December 18, 2017

Promoting Sobriety in a Culture of Fun

Don Johnson

In the 2012 Introduction to Ken Myers’ book, All God’s Children & Blue Suede Shoes, he discusses some of the propositions his book contains. I was struck by this remark about pop culture, wherein he begins with a quote from the first printing of his book, made in 1989:

“‘Christian concern about popular culture should be as much about the sensibilities it encourages as about its content.’ The convictions behind this claim have become harder to explain with the passage of time, because the sensibilities that I believe to be problematic have now become so dominant as to be imperceptible. ‘Sensibilities’ is for some an elusive concept. Its meaning might be triangulated by introducing other (perhaps equally elusive) phrases: the orientation of the affections, the posture of the soul, the desires of the heart, the characteristic hungers and expectations. The sensibilities I had in mind overlapped with the diagnosis implicit in the title to Neil Postman’s Amusing Ourselves to Death. People whose lives are dominated by the sensibilities of popular culture are more insistent that all experiences be fun, they are less interested in sustaining traditions, and they are unfazed by the charge that they aren’t behaving like mature adults.”[1]

I’ve only just now begun to read Myers. I know that I am late to the party, he first published this book in 1989. The themes expressed here are themes we have seen in various forms in recent years by other writers of conservative or fundamentalist Christian persuasions. The importance of the affections (“religious affections” – Jonathan Edwards and others), the sensibilities, the desires of the heart and so on, cannot be minimized in considerations of Christian interaction with culture.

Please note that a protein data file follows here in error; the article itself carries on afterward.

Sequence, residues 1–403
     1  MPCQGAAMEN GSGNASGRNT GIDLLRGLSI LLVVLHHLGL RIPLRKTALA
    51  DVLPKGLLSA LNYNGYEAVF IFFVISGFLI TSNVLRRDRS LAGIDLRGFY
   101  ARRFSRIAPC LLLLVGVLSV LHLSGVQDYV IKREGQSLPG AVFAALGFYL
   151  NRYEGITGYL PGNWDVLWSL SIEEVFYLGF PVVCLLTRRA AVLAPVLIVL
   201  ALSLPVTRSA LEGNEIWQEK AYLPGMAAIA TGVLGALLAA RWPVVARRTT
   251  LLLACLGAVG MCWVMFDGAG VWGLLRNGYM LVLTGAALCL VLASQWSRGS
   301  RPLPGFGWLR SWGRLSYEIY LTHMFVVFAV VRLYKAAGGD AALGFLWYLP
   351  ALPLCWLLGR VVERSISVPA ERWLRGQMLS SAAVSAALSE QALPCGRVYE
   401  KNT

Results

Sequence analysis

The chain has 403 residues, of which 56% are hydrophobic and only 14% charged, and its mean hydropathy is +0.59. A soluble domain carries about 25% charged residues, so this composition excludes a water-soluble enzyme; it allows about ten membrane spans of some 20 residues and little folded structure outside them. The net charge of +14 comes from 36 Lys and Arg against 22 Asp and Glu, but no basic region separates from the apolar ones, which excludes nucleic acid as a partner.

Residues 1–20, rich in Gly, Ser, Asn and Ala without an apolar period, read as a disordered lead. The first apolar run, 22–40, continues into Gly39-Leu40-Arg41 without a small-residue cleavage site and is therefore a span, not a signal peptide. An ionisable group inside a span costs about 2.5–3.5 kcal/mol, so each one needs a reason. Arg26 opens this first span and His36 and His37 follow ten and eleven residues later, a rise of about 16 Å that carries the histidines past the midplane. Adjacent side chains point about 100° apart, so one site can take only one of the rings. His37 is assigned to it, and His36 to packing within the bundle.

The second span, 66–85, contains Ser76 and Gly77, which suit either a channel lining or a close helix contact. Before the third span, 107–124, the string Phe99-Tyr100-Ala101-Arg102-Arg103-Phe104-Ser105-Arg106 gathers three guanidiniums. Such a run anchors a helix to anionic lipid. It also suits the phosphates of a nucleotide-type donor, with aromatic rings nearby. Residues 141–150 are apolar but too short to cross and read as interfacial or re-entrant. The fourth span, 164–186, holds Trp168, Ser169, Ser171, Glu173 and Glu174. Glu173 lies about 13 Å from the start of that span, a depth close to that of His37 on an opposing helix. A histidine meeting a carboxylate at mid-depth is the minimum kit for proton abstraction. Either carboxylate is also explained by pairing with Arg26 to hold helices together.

The Culture Wars, when it comes to the church, have often been reduced to the battle over music and/or the style or approach to conducting a worship service. I think Myers is right to say that the sensibilities of popular culture have become so dominant in our culture as to be imperceptible. At least, they are imperceptible to most and probably considered ‘normal.’ I suppose they are normal as far as our world, our culture, is concerned.

I’ve used the word ‘culture’ here several times. It might do well to be reminded of what ‘culture’ means. I’ll give you a definition from Myers:

“A culture is an ecosystem of institutions, practices, artifacts, and beliefs, all interacting and mutually reinforcing.”[2]

When we observe the patterns of modern worship services, what are we observing? Is this Christian culture or not? Is it informed by the sensibilities of the Christian heart, or by the sensibilities of the modern world? I would suggest that rather than being the church “interacting” with culture, what we have these days is the church “reflecting” the dominant culture, the pop-culture of the world. We have a kind of “religious pop façade” that passes for Christianity in some circles, but really does nothing to confront or transform the culture of the world.

It is passing strange to me that it is Christianity that is fighting this battle within the walls of its institutions. I may be missing something, but I am not aware of the worship in American mosques being afflicted with this immersion in pop-culture. Do you know of Buddhists who worship in this way?